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Edna still felt dazed when she got outside in the open air.
The Doctor's coupe had returned for him and stood before the
porte cochere. She did not wish to enter the coupe, and told
Doctor Mandelet she would walk; she was not afraid, and would go
alone. He directed his carriage to meet him at Mrs. Pontellier's,
and he started to walk home with her.

Up--away up, over the narrow street between the tall houses,
the stars were blazing. The air was mild and caressing, but cool
with the breath of spring and the night. They walked slowly, the
Doctor with a heavy, measured tread and his hands behind him; Edna,
in an absent-minded way, as she had walked one night at Grand Isle,
as if her thoughts had gone ahead of her and she was striving to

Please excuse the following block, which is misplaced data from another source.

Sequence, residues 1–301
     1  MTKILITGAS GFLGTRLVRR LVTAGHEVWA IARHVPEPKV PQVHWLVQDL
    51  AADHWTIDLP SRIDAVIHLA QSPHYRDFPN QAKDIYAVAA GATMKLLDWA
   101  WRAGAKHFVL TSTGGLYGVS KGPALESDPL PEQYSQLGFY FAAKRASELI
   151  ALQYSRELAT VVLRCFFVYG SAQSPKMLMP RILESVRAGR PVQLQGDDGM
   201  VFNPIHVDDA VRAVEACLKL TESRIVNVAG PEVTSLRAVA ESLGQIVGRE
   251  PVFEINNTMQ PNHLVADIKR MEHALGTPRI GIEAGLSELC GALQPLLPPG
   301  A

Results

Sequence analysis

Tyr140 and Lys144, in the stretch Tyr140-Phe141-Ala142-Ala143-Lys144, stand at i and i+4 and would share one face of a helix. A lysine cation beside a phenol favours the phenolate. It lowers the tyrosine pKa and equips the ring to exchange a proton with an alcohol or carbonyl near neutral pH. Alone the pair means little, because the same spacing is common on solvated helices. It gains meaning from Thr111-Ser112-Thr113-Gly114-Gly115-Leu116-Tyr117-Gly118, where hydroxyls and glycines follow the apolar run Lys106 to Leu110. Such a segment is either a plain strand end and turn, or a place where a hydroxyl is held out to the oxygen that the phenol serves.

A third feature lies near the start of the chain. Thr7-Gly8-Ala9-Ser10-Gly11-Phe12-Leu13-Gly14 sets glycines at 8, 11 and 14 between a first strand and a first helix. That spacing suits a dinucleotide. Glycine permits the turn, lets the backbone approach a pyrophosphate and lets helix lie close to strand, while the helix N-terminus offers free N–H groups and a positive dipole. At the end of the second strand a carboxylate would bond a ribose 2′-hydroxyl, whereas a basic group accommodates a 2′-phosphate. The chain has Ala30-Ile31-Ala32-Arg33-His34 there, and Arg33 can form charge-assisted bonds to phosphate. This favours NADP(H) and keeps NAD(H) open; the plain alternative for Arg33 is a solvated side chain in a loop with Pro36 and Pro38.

overtake them.

"You shouldn't have been there, Mrs. Pontellier," he said.
"That was no place for you. Adele is full of whims at such times.
There were a dozen women she might have had with her,
unimpressionable women. I felt that it was cruel, cruel. You
shouldn't have gone."

"Oh, well!" she answered, indifferently. "I don't know that
it matters after all. One has to think of the children some time
or other; the sooner the better."

"When is Leonce coming back?"

"Quite soon. Some time in March."

"And you are going abroad?"

"Perhaps--no, I am not going. I'm not going to be forced into
doing things. I don't want to go abroad. I want to be let alone.
Nobody has any right--except children, perhaps--and even then, it
seems to me--or it did seem--" She felt that her speech was voicing
the incoherency of her thoughts, and stopped abruptly.

"The trouble is," sighed the Doctor, grasping her meaning
intuitively, "that youth is given up to illusions. It seems to be
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